A KPMG report provides insight into the changing tax environment facing family businesses globally
While the family business collaborates to boost the world economy and represents the majority of GDP and global jobs, it has some difficulties.
One of them is related to those who try to keep their business within the family group and transfer it to the next generation. In this context, a multitude of challenges can be faced, including the complex tax regulations generally applicable to the transfer of this class of organizations.
A recent report by KPMG Private Enterprise provides a detailed perspective on the varied and changing tax environment that family businesses face around the world, while providing valuable information on how families can better prepare for their business transition. towards the next generation.
The report details the different tax treatments in 54 countries, taking as an example the intra-family transfer of a company valued at 10 million euros.
“While taxes on the transfer of a family business tend to be higher in large and developed economies – and with complex requirements to qualify for an exemption – those in emerging economies can also face a challenging tax burden.“warns the report.
Tax rates by region
The report details the different tax treatments in 54 countries
Of the 54 countries studied, 15 have an inheritance / wealth tax applicable to the intrafamily transfer of a company worth 10 million euros, while 16 have a gift tax applicable to a lifetime transfer.
In the USA there is one of the tax rates highest in the world. However, American families can potentially benefit from a $ 10 million exemption (adjusted for inflation), but scheduled to expire after 2025.
“France, Ireland, the Netherlands, Spain and the United Kingdom have the highest tax rates among the countries surveyed in Europe for the transfer of a family business worth € 10 million per death, but taxes are substantially reduced through exemptions “, he says.
In South America, most of the surveyed countries do not have exemptions available. Only Argentina and Colombia have total or partial exemptions for the transfer of a family business. However, conditions could change in the short term as a result of the effects of the pandemic.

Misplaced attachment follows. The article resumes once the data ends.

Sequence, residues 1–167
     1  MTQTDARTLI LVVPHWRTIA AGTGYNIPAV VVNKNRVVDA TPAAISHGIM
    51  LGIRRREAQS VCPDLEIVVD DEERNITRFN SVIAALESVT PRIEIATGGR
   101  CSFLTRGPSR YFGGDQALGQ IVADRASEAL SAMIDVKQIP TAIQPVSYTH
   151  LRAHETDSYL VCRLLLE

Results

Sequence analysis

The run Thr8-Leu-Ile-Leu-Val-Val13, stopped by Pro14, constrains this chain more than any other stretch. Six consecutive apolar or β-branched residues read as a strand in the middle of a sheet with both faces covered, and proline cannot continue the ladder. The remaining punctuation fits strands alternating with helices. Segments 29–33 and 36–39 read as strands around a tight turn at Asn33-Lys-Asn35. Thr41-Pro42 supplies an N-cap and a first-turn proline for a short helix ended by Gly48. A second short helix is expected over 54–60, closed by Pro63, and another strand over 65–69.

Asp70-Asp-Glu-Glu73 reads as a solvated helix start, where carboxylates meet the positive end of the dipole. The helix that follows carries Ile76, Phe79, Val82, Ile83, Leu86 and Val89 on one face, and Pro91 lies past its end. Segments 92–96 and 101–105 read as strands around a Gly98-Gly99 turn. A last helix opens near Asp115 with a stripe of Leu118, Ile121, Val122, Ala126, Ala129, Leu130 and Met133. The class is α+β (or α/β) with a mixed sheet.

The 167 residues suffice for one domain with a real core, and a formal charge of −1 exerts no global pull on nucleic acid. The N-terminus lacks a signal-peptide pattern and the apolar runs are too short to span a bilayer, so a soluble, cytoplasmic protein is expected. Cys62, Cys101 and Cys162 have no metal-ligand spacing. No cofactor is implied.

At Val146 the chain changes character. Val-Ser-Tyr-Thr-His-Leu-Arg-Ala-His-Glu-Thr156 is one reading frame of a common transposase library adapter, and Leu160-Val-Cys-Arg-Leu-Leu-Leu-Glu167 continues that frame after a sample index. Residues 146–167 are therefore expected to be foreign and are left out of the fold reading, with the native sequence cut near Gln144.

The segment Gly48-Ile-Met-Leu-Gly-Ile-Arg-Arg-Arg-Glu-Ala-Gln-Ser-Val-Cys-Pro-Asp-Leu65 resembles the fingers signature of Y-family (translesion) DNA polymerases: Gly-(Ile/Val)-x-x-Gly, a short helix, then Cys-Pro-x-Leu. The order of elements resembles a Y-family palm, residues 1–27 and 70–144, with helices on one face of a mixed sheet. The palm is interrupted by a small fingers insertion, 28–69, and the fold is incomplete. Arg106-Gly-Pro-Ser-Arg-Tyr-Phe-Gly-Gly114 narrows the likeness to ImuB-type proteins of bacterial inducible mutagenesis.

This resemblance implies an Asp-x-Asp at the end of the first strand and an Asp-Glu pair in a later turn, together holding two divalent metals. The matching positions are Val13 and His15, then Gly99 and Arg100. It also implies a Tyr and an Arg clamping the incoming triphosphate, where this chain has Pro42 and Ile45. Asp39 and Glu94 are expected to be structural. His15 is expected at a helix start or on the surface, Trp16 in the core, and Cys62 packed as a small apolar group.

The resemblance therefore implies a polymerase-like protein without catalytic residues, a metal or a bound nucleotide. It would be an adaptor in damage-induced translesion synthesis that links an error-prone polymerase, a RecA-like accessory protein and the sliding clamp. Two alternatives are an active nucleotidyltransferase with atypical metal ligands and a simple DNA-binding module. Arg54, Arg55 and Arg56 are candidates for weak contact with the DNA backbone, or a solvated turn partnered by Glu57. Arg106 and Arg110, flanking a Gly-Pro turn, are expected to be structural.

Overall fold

With regard to Argentina, Emiliano Martín, leading partner of Private Enterprise KPMG Argentina, believes that “in the face of a framework of economic instability enhanced by the effects of an unprecedented pandemic, family businesses have the need to develop strategies aimed at greater production and management efficiency such as permanent monitoring of cash flows and cost containment, targeting of financial and economic resources in the main activity and integration with the main clients and suppliers. The key strategy is the execution of a correct tax planning that allows family businesses to achieve a profitability scheme “.
As for the Asia-Pacific region, South Korea stands out as having one of the highest tax burdens in the world for transfer. By contrast, China currently does not impose any gift or inheritance tax.
Succession and transfer taxes
Of the 10 countries with the highest GDP, six (Brazil, Canada, France, Germany, the United States and the United Kingdom) have taxes that apply to both inheritance and lifetime transfers, while four (China, India , Italy and Russia) do not have any gift or inheritance tax on the transfer of a family business.
While they exist tax breaks In most of the jurisdictions analyzed that can reduce the tax burden for families who decide to transfer their business, many of them are under increasing scrutiny, and families must be prepared for the change.
“In the South American region, following the results of the study, most countries apply some tax burden to the transfer of family businesses (Argentina, Colombia and Uruguay have partial exemptions). The reality of the region, as a whole for the purposes of the current pandemic and the need for governments to increase their budget, highlight the urgency of families (who own companies or must manage some wealth) to transfer their business before the environment and conditions change “, commented Jubran Coelho , leading partner of the Private Enterprise area of KPMG in South America.
For his part, Marcus Vinicius Gonçalves, KPMG’s leading tax partner in the region, said that “in South America, there is potential for changes in family businesses. In the case of Brazil, for example, the economy and families have historically benefited from a low tax rateBut that may be about to change with federal tax reform planned for 2021, which could end up affecting family businesses. “